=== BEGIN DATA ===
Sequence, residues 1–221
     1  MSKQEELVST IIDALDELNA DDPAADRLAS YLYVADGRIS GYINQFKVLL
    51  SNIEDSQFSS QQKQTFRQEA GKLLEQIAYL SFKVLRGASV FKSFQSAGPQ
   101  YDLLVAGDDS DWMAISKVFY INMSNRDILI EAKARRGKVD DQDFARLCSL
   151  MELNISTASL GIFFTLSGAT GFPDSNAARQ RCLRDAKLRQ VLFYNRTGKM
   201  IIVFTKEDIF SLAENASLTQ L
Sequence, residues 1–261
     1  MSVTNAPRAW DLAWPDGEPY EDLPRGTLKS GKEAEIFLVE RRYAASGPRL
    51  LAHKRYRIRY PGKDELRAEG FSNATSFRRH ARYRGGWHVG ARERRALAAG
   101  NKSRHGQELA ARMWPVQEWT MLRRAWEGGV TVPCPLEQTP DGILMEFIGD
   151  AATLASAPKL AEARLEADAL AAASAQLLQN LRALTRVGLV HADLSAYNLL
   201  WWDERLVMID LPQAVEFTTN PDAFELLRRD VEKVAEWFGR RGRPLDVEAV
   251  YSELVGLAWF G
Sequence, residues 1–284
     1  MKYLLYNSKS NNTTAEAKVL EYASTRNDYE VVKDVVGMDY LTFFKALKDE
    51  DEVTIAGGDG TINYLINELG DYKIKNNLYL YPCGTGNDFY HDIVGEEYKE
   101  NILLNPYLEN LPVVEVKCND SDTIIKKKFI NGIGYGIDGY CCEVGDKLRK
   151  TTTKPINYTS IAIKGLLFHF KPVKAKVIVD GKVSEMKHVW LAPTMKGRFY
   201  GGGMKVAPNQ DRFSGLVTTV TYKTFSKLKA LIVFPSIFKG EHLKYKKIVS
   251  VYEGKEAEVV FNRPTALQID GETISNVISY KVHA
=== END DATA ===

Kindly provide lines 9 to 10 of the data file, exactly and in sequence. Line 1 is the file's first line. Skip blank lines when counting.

    51  LAHKRYRIRY PGKDELRAEG FSNATSFRRH ARYRGGWHVG ARERRALAAG
   101  NKSRHGQELA ARMWPVQEWT MLRRAWEGGV TVPCPLEQTP DGILMEFIGD